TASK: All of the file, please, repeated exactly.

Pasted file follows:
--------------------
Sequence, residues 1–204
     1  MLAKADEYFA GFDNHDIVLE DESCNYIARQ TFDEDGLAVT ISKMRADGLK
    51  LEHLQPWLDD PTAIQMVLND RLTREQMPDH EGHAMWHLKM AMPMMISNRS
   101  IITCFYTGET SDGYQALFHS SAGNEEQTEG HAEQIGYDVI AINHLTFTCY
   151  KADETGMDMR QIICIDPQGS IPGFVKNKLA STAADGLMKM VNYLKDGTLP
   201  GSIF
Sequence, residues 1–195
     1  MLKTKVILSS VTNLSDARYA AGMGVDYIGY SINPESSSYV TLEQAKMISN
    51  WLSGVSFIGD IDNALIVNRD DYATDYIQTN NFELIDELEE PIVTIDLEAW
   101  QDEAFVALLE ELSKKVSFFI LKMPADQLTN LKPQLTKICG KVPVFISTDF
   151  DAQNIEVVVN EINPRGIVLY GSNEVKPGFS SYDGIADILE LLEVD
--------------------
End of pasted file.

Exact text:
Sequence, residues 1–204
     1  MLAKADEYFA GFDNHDIVLE DESCNYIARQ TFDEDGLAVT ISKMRADGLK
    51  LEHLQPWLDD PTAIQMVLND RLTREQMPDH EGHAMWHLKM AMPMMISNRS
   101  IITCFYTGET SDGYQALFHS SAGNEEQTEG HAEQIGYDVI AINHLTFTCY
   151  KADETGMDMR QIICIDPQGS IPGFVKNKLA STAADGLMKM VNYLKDGTLP
   201  GSIF
Sequence, residues 1–195
     1  MLKTKVILSS VTNLSDARYA AGMGVDYIGY SINPESSSYV TLEQAKMISN
    51  WLSGVSFIGD IDNALIVNRD DYATDYIQTN NFELIDELEE PIVTIDLEAW
   101  QDEAFVALLE ELSKKVSFFI LKMPADQLTN LKPQLTKICG KVPVFISTDF
   151  DAQNIEVVVN EINPRGIVLY GSNEVKPGFS SYDGIADILE LLEVD